C R U S A D E R
Dvr N.S. Coutts, M AC N.Z.
E .F . : W ith regard to your article
entitled “Benders v. Menders” we
would like to ask a few questions
in fairness to the drivers.
W e read that a certain Ford
truck came in with a great list of
trouble to be remedied. In this list
it was stated that a “poo!" en
gine was fitted. But what amazed
us was that it is also stated that
the distributor, dynamo and start
er had to be overhauled and a
new water-pump fitted.
Having had several pool mo
tors fitted we know that a pool
engine has these parts fitted and
in working order, so why make
this long list sound much worse?
If. as you suggest, these parts
are again overhauled in forward
areas we are at last enlightened
as to why we are told : “T oo
busy today, come back tomorrow,
W hy spoil a good little rag
with this type of propaganda ?
Remember the old saying : “You
can fool all the people some of
the time and some of the people
all the time ; but you can't fool
A LL the people ALL of the
Unit P e ts Corner
“ B E S S I E ”
Dvr J. Burnett sends us this
snap of “ Bessie,” mascot of
Eighth Army Headquarters M. T .
Section, and adds : “She was pick
ed up at Gambut in April, 1942.
She is well known throughout the
camp and is the pet of the M. T .'
Section. She has given birth to
two fine healthy pups. “Diana”
end “ Minnie,” neither of which
have yet graced the camera."
O.C. Workshops makes the fol
lowing comment on Dvr Coutts'
“ Ford engines are being issued
from base after overhaul less dy
namo, starter, distributor, carbur
ettor. water-pumps. etc. In other
words, the bare engine arrives
and the accessories from the old
engine have to be overhauled and
fitted to the new pool engine. A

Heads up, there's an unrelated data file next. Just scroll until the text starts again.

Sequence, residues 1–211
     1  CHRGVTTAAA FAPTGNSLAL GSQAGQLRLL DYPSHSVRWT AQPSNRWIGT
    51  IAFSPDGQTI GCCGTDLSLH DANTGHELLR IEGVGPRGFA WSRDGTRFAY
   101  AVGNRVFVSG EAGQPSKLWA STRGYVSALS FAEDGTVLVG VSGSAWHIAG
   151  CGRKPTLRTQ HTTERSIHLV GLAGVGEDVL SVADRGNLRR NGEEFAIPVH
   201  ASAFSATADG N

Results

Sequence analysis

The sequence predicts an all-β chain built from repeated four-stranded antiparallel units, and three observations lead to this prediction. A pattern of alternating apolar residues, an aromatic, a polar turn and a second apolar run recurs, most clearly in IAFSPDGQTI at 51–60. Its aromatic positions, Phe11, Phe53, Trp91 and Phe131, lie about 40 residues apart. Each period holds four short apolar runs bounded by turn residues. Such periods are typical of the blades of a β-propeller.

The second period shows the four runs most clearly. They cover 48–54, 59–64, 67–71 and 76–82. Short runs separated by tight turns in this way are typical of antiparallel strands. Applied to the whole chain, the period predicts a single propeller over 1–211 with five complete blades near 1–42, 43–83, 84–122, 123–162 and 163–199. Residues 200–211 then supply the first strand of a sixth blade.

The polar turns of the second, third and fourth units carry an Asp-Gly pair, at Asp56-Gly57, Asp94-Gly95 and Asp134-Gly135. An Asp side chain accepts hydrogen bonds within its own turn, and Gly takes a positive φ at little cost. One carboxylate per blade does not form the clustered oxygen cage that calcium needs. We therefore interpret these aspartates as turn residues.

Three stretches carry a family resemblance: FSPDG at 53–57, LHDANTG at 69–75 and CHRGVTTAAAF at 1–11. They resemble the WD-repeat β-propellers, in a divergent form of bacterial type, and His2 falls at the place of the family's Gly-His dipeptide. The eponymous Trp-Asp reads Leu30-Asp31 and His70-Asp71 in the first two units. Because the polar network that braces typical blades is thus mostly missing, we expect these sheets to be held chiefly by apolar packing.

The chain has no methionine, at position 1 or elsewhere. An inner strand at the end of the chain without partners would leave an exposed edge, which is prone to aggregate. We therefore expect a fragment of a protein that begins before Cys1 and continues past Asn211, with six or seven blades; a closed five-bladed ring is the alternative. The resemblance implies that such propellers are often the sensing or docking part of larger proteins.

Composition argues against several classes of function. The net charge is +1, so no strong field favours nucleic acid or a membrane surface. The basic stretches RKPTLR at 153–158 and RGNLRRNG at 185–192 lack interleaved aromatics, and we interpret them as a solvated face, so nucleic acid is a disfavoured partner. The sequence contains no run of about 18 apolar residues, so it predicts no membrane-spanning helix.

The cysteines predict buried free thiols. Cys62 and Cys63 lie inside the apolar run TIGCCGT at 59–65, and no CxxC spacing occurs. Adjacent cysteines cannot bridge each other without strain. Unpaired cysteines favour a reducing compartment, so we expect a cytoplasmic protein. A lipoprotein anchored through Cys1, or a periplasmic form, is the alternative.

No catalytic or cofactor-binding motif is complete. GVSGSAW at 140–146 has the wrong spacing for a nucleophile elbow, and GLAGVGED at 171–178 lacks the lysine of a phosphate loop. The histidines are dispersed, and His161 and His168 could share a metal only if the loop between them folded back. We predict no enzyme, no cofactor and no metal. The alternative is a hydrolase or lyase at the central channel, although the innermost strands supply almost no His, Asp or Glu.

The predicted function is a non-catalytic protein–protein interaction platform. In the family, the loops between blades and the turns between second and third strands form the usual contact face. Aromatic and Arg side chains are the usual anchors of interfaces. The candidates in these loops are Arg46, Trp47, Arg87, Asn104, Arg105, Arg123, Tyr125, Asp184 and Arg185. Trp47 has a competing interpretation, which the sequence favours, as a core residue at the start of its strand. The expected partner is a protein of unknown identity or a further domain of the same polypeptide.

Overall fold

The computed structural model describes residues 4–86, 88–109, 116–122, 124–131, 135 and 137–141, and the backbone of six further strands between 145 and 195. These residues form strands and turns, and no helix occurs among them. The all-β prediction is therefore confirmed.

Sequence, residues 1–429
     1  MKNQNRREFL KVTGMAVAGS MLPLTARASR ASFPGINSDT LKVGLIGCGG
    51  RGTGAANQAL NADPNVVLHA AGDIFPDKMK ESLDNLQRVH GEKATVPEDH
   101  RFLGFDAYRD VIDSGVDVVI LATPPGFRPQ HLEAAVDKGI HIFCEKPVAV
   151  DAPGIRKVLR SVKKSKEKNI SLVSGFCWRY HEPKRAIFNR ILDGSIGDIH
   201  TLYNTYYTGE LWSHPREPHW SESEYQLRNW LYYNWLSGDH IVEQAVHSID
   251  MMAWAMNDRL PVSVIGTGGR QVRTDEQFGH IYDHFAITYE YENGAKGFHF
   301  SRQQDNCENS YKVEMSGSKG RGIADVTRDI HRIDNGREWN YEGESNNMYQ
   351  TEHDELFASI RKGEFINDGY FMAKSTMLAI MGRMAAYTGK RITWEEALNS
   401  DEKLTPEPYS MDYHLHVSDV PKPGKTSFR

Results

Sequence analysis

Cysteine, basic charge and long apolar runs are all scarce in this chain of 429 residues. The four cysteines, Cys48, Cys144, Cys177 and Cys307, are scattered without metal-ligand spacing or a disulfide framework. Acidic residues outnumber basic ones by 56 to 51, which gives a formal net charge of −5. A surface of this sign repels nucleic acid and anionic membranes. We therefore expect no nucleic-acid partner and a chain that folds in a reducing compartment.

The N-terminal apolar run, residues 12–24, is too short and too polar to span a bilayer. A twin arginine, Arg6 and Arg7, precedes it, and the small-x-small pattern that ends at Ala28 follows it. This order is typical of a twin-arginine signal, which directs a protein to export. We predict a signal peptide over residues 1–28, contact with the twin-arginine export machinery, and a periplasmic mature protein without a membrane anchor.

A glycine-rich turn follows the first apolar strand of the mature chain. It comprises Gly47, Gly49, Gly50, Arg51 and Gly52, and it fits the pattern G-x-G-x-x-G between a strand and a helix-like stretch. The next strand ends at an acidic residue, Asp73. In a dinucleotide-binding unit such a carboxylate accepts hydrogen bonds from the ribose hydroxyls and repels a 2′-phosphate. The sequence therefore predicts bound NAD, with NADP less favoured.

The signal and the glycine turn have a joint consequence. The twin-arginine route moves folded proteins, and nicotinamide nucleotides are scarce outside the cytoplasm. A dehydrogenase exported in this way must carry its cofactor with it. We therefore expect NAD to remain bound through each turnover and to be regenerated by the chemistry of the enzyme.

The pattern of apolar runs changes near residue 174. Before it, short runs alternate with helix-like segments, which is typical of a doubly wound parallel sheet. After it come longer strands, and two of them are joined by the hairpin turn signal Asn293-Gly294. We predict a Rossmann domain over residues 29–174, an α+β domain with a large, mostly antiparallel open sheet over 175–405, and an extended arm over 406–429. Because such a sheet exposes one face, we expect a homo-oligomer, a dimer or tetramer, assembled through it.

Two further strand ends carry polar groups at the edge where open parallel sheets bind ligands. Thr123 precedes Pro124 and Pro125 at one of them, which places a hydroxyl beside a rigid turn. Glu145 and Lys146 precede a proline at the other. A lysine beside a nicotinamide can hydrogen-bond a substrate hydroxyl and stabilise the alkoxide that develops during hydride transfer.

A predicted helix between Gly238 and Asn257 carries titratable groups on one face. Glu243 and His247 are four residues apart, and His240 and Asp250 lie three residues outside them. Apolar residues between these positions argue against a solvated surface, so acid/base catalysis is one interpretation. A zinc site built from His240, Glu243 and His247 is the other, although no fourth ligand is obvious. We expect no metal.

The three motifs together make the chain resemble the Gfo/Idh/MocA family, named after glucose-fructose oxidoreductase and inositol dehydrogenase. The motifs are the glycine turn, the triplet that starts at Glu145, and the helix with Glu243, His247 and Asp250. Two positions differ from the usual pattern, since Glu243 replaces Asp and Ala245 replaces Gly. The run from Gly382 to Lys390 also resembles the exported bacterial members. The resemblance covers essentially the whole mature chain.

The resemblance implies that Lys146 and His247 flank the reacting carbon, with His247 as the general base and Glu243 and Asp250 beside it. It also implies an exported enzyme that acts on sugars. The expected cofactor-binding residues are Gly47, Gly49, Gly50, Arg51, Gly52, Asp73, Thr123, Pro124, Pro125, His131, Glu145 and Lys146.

visit to any stores depoc will con
W ell, Dvr Coutts, it looks as
if the fooling isn’t being done by
* * *
Dvr A. R. Desmond, R.A.S.C.:
It is not to be expected that an
article like “Benders v. Menders’
will escape unscathed. No one
will dispute the fact that there
are bad drivers, any more than
Ithey d dispute the existence of
“ dud" fitters, who spend their
time “botching” jobs. It is so easy
to sling the blame on the driver !
But how about the other side of
the story ?
You quote the fact that “W ork
shops” did 1.400 miles in three
months with only four broken
springs. So what ? Compared to
the average M .T. Section, W ork
shops waggons are static. Some
one has to do the running around,
bringing rations, petrol and
N.A.A.F.I. (!!) stuff. W ear and
tear can only be expected. Act
ually. the article in general ap
pears to be directed principally
against staff-car drivers. But is
it generally realised that the cars
used are civvy' cars — the only
concession made to the hard
going is the fitting of sand or
track tyres ? So that considering
the tyres of ground and mileage
covered, is it surprising that fre
quent attention is required ? The
cars were never designed for the
purpose they’ve been put to.
W ith regard to the detailed
Bill of Fare' on the station wag
gon. You state. “A pool engine
was fitted...” Now I stand to be
corrected, but usually a “ Pool”
engine is delivered complete with
dynamo, starter motor, water
pumps, and distributors, the only
attention required by the latter
being the removal of the grease
applied to prevent any corrosion.
W h y then all this extra work on